Listening to the Active Sounds of History: field recording and museums
An essay about my practice of field recording inside museums, published by the British Library's Sound and Vision blog, 30 August 2013.
Memory is at the heart of much human activity. Memory drives us to collect, to record, to create documents –"information or evidence that serves as an official record" – that we then spend a lot of time and effort preserving. Some of these documents are strictly personal and kept as family heirlooms. Others end up being judged by someone else as having a broader significance, and end up being preserved in places like museums and libraries in order that they be made accessible to a wider audience. There are countless institutions around the world whose mission statements may not explicitly express it, but which are essentially dedicated to honoring the human desire to remember.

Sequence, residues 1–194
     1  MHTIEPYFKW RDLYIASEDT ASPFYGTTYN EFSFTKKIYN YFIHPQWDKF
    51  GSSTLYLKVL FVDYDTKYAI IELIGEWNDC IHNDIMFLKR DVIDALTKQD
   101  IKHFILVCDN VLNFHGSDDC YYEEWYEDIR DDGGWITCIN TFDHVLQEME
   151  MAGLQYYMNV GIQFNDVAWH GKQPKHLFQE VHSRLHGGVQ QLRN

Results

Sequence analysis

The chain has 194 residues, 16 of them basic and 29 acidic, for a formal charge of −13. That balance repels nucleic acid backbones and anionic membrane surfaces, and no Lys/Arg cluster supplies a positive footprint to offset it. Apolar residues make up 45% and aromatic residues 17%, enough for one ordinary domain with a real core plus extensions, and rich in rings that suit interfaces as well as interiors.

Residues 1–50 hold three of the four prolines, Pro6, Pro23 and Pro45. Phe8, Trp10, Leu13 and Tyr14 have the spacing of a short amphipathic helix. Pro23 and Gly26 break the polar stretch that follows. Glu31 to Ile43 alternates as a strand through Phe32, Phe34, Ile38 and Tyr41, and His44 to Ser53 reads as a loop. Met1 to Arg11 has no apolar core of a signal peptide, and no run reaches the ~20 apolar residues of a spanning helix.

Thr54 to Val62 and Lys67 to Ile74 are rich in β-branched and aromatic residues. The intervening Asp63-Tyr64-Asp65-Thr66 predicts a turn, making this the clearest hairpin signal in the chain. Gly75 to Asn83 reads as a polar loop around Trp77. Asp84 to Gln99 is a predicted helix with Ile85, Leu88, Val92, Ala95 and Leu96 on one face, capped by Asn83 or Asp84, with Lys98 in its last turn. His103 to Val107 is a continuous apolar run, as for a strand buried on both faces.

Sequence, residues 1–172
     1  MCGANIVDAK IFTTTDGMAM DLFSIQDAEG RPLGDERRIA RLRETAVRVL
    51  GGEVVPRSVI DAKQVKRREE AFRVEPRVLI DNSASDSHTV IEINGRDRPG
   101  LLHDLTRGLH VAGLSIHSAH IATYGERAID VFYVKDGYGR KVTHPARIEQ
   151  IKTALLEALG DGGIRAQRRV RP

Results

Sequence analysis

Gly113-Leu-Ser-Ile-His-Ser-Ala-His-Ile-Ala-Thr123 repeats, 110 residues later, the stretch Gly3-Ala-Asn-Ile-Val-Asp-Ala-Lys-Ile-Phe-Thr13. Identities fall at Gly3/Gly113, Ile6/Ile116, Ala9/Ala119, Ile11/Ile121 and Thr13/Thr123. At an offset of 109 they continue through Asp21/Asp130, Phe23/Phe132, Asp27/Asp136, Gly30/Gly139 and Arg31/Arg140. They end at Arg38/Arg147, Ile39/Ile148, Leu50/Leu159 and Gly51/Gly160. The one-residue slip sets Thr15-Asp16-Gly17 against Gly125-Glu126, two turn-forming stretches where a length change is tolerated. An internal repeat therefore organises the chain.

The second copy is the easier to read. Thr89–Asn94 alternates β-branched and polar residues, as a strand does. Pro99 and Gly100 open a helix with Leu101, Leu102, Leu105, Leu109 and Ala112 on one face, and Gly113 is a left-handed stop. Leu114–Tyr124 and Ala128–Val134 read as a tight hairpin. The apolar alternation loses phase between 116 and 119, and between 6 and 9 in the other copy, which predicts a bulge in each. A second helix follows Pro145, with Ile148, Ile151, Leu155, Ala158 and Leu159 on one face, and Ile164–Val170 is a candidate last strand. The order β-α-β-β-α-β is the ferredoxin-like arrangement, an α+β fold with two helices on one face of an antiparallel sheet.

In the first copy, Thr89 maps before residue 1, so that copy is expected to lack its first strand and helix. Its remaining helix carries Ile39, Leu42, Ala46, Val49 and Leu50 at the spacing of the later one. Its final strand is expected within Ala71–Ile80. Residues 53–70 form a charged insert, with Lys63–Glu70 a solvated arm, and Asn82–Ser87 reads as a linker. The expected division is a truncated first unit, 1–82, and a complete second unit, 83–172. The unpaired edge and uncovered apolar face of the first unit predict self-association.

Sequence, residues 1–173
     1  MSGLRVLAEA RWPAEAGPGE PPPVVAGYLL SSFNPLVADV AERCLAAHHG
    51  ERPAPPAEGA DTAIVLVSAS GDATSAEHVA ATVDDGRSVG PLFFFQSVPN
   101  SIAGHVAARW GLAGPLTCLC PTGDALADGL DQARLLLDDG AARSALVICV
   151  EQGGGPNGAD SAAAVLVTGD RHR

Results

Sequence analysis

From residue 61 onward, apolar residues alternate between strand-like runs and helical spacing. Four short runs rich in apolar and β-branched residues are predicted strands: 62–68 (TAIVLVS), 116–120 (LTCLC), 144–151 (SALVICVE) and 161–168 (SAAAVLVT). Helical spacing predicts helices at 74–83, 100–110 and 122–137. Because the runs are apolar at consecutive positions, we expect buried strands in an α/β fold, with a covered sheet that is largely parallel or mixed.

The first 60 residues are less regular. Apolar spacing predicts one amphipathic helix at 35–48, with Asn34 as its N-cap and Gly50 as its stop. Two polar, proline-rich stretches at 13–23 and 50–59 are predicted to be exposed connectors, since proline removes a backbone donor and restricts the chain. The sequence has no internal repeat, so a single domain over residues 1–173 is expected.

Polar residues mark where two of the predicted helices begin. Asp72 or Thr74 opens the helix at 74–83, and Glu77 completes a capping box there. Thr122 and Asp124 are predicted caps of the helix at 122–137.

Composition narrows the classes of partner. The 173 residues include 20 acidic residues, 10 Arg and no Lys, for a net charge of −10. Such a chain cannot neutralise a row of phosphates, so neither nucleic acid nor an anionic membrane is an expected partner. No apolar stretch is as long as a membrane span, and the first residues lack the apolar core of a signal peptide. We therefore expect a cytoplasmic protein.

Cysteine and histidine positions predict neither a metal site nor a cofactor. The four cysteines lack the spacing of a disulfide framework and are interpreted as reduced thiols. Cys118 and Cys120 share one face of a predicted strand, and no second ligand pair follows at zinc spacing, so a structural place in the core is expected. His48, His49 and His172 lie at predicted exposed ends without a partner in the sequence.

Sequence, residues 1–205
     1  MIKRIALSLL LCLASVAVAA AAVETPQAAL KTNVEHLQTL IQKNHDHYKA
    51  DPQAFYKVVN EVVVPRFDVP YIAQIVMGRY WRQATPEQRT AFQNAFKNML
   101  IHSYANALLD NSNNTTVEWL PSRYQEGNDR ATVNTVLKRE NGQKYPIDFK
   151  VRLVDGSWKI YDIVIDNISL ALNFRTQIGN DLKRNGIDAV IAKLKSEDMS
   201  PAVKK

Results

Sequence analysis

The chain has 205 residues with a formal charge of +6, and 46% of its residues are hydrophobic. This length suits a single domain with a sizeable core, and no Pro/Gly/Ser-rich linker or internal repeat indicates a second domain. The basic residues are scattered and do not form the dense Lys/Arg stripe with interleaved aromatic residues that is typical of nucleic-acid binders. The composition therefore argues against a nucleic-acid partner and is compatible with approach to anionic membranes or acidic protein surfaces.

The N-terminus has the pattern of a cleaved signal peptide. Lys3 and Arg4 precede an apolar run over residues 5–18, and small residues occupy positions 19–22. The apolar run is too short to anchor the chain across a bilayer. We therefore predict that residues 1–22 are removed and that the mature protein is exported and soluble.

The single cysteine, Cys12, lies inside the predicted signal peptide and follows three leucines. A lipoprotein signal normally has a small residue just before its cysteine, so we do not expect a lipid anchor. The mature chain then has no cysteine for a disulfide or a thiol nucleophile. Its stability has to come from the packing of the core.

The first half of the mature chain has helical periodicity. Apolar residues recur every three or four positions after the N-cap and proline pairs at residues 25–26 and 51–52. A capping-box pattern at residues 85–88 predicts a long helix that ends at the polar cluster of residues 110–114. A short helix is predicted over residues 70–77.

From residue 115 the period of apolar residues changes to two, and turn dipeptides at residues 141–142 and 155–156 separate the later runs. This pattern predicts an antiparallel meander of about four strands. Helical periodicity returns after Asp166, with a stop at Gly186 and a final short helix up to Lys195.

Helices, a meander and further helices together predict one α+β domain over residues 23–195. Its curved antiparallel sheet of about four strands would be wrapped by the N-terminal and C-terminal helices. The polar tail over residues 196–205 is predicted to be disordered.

So why do I record sounds? Because I want to remember them.
Essentially, that’s what my practice of field recording is about. Obviously there are more factors than this: because I find certain sounds aesthetically pleasing, or because I think that listening to a specific place might be important, or because I think other people might also find certain types of sounds interesting. But primarily, I record memories.
Photograph above by James Rotz.